Jax’s Viral Hit ‘Victoria’s Secret’ Packs a Powerful Message for Anyone Who Struggles With Body Image (EXCLUSIVE)
Pop singer Jax has sparked a national conversation with her viral hit Victoria's Secret.
In the infectious song, the 26-year-old calls out lingerie brand Victoria's Secret's former billionaire CEO, Leslie Wexner, for profiting off of young women's insecurities and contributing to negative body image.
"I know Victoria's secret / And girl, you wouldn't believe / She's an old man who lives in Ohio / Making money off of girls like me / Cashing in on body issues / Selling skin and bones with big boobs / I know Victoria's secret / She was made up by a dude," Jax sings on the track.
In an exclusive chat with PopCrush Nights hosts Lauryn Snapp and Donny Meacham, the American Idol alum talks about how the song is meant to cross genders, and how everyone deals with body insecurities.
"My biggest fear when I wrote this song is that people would take it super literally, even down to just the idea it's about a brand," she says, stating that plenty of companies are created by men and that's not the point.
Instead, she says the idea of "one body type" was "constructed carefully" by a man.
Watch Jax's "Victoria's Secret" Lyric Music Video:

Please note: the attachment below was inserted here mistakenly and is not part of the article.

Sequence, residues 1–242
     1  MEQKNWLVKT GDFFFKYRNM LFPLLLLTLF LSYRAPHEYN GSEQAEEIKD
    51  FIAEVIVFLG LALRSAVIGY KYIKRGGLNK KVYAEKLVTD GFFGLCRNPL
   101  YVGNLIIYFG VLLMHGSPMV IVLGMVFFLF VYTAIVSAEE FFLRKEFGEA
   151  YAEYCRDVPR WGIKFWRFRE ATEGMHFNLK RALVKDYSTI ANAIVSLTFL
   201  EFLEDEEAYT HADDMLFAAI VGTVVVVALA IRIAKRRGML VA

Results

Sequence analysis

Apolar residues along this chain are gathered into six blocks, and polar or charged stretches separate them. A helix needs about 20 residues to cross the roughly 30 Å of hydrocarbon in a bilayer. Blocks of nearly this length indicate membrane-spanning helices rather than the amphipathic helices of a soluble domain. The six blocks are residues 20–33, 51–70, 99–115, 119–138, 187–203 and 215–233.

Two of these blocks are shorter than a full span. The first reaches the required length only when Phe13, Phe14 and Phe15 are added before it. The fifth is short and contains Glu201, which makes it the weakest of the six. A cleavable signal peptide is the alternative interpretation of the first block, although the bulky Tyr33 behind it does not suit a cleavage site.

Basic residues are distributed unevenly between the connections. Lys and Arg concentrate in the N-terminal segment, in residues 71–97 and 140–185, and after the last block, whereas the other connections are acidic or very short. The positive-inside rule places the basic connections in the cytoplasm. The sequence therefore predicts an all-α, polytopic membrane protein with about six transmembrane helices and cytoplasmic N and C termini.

"This hot thing, it's not Victoria ... Once you see the man behind the scenes you're not going to want to be this anymore, you're going to want to be yourself," Jax explains, noting her song is meant to make people "feel comfortable in their skin."
The TikTok star adds many fathers from around the world have reached out to her, "thanking" her for the song and its powerful message.
After "Victoria's Secret" went viral this year, it caught the attention of the mall staple's new CEO, who shared an open letter via Instagram sharing that the retail giant is working hard to "advocate for all women."
"I can wholeheartedly say that we are all committed to building a community where everyone feels seen and respected. And if we mess up or can do better, we want to know. We truly value your voice and are working to find new ways to listen and bring you into the conversation," CEO Amy Hauk wrote.